Wednesday, 16 October 2013


Tori Amos has joined the league of well known musicians flirting with the musical industry, I went down as an uninformed spectator to see “The Light Princess”, Tori Amos' debutante musical for the National Theatre. All I had to go on was the poster, posturing as front cover to Florence and the Machine’s fantastically lofty album “Lungs”. 

Expectations rising... 
Tori Amos be careful handling that camembert, you are just two hops away from the levels of cheesiness Bono often produces from his fromage factory. Even though the show cracked open with a safe number of “Everything is Changing”, with a bunch of Adam Ant’s Prince Charmings stomping furiously, this was not enough to distract me from the fact that I had ended up at a pantomime in early October! I have been duped Sir! Front stage acting, character stereotypes to put Little Britain to shame. During “Once upon a time” there was a carefree floating gravity defying princess who was unable to cry and on the other hand there a solemn prince who was rather into weeping, both are orphans and their kingdoms are at war with each other. Couldn’t be any further apart huh? The script is on par with predictability ofthe love mess that is a standard Jilly Cooper romp com. One tune that escaped the constant repetition of easy vocal ascending and descending was saved by Clive Rowe’s solo “Girls”, that was intoxicatingly amazing. No longer was I listening to a love child of Wicked and Hair who tried out opera, but an individual ballad of rich under tones that would have made Sam Gaillard proud.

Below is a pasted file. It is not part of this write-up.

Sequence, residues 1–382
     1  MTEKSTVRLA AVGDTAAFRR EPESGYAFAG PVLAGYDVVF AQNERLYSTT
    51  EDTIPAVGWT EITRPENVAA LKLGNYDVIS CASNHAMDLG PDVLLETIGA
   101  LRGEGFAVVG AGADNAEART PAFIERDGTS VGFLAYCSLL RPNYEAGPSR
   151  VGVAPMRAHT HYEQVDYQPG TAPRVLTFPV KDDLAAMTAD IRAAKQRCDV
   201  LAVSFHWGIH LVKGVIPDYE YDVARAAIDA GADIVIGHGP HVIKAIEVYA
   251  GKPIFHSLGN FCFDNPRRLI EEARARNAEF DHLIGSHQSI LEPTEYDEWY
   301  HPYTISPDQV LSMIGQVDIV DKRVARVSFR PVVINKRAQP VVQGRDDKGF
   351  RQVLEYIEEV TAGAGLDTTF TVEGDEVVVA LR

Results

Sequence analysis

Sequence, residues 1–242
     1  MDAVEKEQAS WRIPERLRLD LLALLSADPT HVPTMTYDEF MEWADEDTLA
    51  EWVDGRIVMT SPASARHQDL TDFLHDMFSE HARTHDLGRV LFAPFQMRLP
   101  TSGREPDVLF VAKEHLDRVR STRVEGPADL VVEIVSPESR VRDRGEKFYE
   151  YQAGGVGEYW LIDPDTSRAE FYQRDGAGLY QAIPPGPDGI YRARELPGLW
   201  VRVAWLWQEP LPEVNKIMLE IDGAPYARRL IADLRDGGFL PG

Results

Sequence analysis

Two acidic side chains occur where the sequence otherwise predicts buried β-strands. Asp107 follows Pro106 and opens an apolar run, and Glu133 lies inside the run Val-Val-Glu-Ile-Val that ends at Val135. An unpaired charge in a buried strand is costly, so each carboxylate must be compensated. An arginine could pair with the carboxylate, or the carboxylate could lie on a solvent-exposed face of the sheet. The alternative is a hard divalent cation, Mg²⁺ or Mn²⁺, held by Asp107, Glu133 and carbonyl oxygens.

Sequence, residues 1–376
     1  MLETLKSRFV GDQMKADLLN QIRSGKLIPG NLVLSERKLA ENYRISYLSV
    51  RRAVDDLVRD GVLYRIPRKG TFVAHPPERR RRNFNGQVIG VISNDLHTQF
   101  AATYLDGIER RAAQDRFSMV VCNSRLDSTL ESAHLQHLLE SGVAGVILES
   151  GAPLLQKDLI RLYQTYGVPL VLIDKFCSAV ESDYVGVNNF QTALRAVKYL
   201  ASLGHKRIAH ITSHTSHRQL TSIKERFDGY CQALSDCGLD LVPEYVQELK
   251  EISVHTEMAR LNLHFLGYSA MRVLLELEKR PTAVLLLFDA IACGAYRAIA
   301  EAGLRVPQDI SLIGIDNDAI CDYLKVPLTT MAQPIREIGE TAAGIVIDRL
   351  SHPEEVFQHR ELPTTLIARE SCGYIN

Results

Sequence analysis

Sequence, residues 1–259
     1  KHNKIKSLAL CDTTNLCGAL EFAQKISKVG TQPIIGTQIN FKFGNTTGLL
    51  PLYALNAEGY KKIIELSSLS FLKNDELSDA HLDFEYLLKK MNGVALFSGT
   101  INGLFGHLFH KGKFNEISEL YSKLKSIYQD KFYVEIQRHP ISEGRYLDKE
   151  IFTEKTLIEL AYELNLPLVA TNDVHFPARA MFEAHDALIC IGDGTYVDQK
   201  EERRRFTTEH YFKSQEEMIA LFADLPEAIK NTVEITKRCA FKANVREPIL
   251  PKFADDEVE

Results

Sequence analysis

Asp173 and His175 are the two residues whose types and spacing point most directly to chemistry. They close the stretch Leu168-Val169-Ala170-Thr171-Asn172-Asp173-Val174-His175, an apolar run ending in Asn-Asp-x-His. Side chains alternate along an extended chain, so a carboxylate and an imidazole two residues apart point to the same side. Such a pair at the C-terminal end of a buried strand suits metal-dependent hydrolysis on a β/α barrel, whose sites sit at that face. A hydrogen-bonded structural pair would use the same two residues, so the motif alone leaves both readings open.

The background heroes that brought the musical out of the ruins were Steven Hoggett, Neil Bettles and Paul Rubin, head choreography/aerial movement. Considering that the lead lady floats throughout the whole show you would need a dream team of gravity wizards to make it continuously believable. The costume and set designers were heavily influenced by Terry Pratchett Disc world book covers, so yes, I was pretty won over by that aswell. Please do check out the original twisted 18th Century Scottish fairy tale of the Light Princess here.

Review by India Harris

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